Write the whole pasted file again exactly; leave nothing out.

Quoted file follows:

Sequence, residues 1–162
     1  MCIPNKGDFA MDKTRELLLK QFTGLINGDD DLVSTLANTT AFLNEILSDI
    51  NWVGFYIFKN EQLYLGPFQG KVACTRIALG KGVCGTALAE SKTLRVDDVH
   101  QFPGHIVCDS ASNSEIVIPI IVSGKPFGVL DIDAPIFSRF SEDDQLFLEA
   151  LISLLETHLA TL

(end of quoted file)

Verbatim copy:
Sequence, residues 1–162
     1  MCIPNKGDFA MDKTRELLLK QFTGLINGDD DLVSTLANTT AFLNEILSDI
    51  NWVGFYIFKN EQLYLGPFQG KVACTRIALG KGVCGTALAE SKTLRVDDVH
   101  QFPGHIVCDS ASNSEIVIPI IVSGKPFGVL DIDAPIFSRF SEDDQLFLEA
   151  LISLLETHLA TL